Fears of how certain tactics make the GOP look are unfounded and the people making those assertions know it. Go to Real Clear Politics and look at the polling history of, say, the opinion of the US Congress by the American People. At the height of the shutdown, disapproval of Congress was approximately 83 percent. An ABC/Washington Post poll at the time had the disapproval of Congress at 85 percent. Well this is nothing new. Over the course the year prior to the shutdown, Congress’ disapproval rating hovered around 75 percent. Using the government shutdown as an example puts on display the very hypocrisy of those defending the Establishment like the people at National Review. Tactics are not the main divide between the Tea Party and the GOP Establishment, ideology is. Think back to 2010 when the GOP strategists were complaining about new-comer political activists were propelling new-comer political candidates over GOP Establishment chosen candidates. I recall Limbaugh quoting Mike Schmidt, McCain’s presidential campaign strategist, saying basically, if the Tea Party thinks they can do better, then let them figure it out. He basically said that not one ounce of help from the GOP Establishment would be lent to Sharon Angle or Christine O’Donnell because they were not the candidates that McConnell wanted. And also take a look at the debate over at PJ Media over whether or not social conservatives should just shut up and vote for the GOP and not expect anything to be done on the complete destruction of our culture.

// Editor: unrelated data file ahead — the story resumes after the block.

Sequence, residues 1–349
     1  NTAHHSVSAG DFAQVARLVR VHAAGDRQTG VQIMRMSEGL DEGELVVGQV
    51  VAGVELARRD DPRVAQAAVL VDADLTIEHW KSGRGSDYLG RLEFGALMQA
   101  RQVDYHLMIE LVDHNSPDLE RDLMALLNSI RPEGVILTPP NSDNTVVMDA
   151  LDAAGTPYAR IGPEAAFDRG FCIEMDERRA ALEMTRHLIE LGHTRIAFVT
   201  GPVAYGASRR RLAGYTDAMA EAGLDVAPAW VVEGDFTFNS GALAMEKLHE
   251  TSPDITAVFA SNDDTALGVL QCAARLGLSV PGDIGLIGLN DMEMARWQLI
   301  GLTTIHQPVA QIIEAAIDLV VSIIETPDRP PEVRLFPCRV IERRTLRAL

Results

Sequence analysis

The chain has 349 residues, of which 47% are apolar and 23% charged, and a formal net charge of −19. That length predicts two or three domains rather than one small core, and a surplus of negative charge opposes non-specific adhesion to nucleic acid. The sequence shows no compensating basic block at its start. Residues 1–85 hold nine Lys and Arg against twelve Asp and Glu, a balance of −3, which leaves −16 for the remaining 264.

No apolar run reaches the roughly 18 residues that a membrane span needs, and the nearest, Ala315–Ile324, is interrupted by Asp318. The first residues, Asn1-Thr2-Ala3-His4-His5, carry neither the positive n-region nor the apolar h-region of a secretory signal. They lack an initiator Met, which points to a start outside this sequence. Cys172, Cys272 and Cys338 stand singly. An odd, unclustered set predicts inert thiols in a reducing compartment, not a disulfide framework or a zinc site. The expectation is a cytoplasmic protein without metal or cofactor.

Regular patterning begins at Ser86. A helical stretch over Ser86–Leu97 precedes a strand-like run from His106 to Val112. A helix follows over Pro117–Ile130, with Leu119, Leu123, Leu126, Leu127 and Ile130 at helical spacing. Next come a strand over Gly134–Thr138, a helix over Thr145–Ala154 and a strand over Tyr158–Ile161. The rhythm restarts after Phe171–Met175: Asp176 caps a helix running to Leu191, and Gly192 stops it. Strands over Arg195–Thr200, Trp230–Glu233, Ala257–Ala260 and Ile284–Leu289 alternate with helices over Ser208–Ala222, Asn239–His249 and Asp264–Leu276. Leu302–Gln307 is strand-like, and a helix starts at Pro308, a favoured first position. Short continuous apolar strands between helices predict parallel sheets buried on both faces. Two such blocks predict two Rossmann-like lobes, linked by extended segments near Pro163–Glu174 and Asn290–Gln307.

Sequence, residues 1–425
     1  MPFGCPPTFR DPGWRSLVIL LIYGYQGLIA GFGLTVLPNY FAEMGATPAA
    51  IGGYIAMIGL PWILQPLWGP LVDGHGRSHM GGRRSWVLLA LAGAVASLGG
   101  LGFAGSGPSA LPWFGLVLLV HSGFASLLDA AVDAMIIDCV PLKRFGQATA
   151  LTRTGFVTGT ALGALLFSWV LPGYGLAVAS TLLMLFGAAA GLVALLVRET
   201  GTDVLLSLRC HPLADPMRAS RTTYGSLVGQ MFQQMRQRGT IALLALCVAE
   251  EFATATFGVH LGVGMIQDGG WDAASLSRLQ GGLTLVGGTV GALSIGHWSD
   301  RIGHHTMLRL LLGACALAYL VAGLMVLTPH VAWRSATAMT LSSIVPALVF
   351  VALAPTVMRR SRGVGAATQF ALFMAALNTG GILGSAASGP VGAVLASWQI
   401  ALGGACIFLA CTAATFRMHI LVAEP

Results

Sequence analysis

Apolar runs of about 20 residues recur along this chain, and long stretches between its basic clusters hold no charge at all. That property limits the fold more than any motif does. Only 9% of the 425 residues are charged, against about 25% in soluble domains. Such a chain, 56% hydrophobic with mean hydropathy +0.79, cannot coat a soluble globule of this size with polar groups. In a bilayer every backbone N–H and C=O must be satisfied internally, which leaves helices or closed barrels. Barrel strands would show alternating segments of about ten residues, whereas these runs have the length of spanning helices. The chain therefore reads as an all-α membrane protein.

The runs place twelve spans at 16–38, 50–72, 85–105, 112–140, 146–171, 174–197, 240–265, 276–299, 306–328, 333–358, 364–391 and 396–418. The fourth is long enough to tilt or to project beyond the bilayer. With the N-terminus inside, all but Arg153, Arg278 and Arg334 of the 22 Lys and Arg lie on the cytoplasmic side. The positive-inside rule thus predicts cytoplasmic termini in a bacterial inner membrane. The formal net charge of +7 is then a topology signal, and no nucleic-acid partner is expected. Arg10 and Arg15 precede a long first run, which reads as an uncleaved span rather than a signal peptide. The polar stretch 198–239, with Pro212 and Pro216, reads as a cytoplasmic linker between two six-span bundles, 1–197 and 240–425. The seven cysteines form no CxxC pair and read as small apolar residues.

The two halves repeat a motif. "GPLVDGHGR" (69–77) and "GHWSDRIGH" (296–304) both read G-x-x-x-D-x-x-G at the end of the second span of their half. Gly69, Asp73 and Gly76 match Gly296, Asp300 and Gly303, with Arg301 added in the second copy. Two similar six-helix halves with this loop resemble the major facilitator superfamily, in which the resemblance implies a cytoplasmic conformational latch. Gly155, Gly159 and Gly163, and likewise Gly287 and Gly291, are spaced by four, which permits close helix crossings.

Regardless of the history of certain GOP Establishment politicians, there is little doubt that advancing the Conservative movement in American politics is not an item of importance to them. The Tea Party sought to change that. The Tea Party sought to stand athwart History yelling stop. The GOP Establishment has become more concerned with controlling chairmanships in the the Congress. They have become more concerned with how the editorial pages of the Leftist media view them. They do not want to be seen in the same light as the Tea Party. There used to be a time when they were more concerned with how National Review saw them, but in the Obama America, more and more allies in the Conservative movement are separating themselves from the “extremism” of the Tea Party not realizing that the “extremism” used to be characterized as mainstream. I do not think for a second that McConnell, Goldberg, or even Rich Lowery are seeking to “fundamentally change” the United States. But when it comes to standing with those in elected office who are doing everything in their power to yell stop at this fundamental change, National Review tends to be getting yelled at more frequently.